Getting there: From Highway One, turn right onto Panoramic Highway and park soon after the hairpin turn. The trailhead is on the left, across from the fruit truck. 

This issue of Bootprints contributed by Joslyn Hamilton 

 

Daytrip in Tomales Bay

We don’t know for sure what you’re into this weekend. But if a kayak trip, a hike on a remote beach or an afternoon shucking oysters and sipping microbrew sounds good, we’ve got a trip for you. Below you’ll find three ways to while away your Saturday (or Sunday) afternoon in Tomales Bay State Park: a north Marin hideout just more than an hour’s drive from downtown San Francisco. If that’s what you’re into.  Just remember to dress warm. The weather up there can get pretty moody.

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Short Day/Long Day: Pinnacles NP

A visit to Pinnacles National Park, just south of San Jose, is a moving experience. Literally. Perched along the San Andreas Fault, the park moves north a few centimeters a year. Twenty million years go, the park sat 195 miles to the southeast.

Besides its tenuous perch on the edge of California’s longest earthquake fault (check out the seismograph in the visitors’ center), Pinnacles is known for strenuous hiking, high temperatures and lots of rattlesnakes. So if you take one of our favorite hikes in Pinnacles, make sure you watch your step. Continue Reading…

Take a soak in Steep Ravine

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A midnight soak in natural, undeveloped hot springs … just within a stone’s throw of the waves of the Pacific Ocean. Sounds nice, doesn’t it? Well it is nice. But it isn’t easy. A visit to Steep Ravine Hot Springs demands keen navigation and expert timing.

Hidden in a cove near the Steep Ravine Cabins in Mount Tamalpais State Park, the springs are only accessible during extreme negative tides, and even then only for a few hours.

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Marin County’s best waterfall

Alamere Fallrs running into breaking waves

Spring is here. And that’s when Marin County’s most hype-worthy footpath – the Palomarin Trail – is at its very best. The dramatic Alamere Falls are in full flow, and seasonal wildflowers pop their heads up to say hello.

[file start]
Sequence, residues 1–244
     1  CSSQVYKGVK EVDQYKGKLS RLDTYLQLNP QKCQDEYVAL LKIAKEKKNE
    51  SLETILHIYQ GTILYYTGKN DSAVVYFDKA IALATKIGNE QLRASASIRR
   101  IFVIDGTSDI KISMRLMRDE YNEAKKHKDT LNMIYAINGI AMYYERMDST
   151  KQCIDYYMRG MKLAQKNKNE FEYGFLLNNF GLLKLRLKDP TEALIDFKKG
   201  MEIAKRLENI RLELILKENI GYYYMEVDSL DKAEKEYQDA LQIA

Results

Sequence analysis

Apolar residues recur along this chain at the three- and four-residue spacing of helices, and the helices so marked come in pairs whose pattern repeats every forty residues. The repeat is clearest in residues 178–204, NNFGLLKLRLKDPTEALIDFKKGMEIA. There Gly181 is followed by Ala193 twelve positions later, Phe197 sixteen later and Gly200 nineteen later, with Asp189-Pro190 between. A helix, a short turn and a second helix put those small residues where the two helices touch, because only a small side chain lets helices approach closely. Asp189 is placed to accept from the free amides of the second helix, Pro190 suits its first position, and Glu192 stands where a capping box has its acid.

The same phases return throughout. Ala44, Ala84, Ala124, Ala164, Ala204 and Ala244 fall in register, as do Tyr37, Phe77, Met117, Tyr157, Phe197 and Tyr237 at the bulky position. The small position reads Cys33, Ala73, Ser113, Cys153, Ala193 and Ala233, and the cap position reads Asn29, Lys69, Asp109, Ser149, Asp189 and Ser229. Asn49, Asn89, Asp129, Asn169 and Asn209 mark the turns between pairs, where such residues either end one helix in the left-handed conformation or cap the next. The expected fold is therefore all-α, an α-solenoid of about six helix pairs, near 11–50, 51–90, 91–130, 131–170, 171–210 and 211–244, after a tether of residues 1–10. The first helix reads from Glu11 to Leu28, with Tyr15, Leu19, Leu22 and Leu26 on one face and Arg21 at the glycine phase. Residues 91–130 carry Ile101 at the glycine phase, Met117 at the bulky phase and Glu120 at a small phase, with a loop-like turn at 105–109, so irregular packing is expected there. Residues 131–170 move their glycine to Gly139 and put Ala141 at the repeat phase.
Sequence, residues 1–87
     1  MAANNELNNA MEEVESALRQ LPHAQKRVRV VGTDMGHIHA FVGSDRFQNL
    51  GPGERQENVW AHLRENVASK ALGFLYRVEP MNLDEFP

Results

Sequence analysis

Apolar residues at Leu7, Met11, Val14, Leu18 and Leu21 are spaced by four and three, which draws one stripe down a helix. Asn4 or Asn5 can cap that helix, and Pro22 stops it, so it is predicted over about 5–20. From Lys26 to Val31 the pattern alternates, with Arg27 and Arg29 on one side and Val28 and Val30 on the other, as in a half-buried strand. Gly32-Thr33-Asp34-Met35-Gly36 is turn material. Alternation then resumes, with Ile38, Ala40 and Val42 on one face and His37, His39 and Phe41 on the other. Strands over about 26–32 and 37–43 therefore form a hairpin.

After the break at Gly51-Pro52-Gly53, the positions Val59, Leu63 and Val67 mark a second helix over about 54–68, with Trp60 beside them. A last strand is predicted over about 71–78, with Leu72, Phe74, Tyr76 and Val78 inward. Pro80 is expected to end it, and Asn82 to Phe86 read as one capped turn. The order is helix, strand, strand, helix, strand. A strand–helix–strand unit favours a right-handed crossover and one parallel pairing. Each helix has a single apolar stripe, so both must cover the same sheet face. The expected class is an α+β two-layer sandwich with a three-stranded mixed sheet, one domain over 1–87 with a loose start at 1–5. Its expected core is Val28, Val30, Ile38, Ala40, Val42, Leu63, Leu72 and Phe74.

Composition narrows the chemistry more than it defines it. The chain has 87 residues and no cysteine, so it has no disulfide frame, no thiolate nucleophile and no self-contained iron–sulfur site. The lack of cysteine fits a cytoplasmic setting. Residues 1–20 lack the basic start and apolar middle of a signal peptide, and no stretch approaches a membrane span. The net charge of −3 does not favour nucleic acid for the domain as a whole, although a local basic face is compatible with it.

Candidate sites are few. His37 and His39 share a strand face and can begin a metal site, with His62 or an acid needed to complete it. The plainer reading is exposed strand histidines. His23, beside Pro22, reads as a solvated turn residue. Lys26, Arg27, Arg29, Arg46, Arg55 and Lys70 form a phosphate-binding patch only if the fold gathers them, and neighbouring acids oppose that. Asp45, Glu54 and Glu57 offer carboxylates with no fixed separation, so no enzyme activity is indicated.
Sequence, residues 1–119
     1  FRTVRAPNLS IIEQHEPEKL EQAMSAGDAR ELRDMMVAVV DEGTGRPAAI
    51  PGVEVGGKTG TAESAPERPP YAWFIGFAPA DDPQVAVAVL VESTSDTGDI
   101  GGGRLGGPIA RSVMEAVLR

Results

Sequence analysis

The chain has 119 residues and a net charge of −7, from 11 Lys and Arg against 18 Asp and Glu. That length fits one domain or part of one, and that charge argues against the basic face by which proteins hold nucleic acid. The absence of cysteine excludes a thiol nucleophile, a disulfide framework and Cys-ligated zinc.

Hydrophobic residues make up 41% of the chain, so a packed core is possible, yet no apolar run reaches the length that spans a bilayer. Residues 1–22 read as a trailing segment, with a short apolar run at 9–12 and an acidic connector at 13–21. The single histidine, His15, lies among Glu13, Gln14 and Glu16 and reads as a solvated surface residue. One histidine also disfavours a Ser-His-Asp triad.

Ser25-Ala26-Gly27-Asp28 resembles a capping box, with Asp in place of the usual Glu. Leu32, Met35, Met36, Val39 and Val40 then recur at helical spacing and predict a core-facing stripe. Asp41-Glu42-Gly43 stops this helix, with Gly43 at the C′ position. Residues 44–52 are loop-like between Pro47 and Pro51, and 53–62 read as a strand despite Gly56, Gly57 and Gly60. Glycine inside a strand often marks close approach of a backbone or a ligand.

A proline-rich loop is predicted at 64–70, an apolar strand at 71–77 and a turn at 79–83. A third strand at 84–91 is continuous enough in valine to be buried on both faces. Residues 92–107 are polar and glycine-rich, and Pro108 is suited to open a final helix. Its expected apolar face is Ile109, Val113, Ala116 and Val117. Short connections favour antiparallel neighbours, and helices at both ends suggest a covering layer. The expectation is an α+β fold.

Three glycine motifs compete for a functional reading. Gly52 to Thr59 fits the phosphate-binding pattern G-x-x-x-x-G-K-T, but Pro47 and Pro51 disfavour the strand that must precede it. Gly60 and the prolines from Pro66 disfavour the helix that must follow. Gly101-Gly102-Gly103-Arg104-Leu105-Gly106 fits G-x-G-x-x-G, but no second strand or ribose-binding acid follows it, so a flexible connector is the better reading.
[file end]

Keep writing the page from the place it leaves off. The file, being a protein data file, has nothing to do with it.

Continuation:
The 7.5-mile out-and-back starts off gentle enough for grandparents or young children. The first miles offer oak-shaded views of the Pacific, glimpses of the wildflower-blanketed hills, and sometimes deer or bobcat sightings.

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NorCal’s best campus hikes

You may have swum with the sharks and run with the bulls, but have you hiked with the banana slugs and jogged with the Nerd Nation?

Bay Area college campuses offer a lot more than ivory towers and ivy-covered walls. Some have extensive and challenging networks of trails that draw academics and the general public alike.

Stanford – The Dish

Stanford foothills and the path to the Dish.

Where campus hikes in the Bay Area go, the best-known is easily the trail to the Stanford Dish. On and off-campus visitors throng this four-mile paved loop from sunrise to sunset.

The Dish is a radio telescope, perched on a hill with a spectacular view of most of the Bay Area. The surrounding tree-studded hills provide habitat for myriad native plants and animals, including the California tiger salamanderContinue Reading…

Ride a dogsled on Mt. Shasta

An action shot from a dogsled (taken facing the dogs) during a ride through the woods

Mount Shasta isn’t all about crystals and healers anymore. Not since the Dogsled Express brought their team of Olympian-caliber canines to Etna, strapped them to sleds and invited adventurers along for the ride.

The company offers humans ages three and up the chance to feel the call of the wild with a wind-whipping dogsled ride through the snow. That’s right – even this winter, there is enough snow at Shasta for a sled ride (most days, at least – the company has had to close some days for dry or rainy weather).  Continue Reading…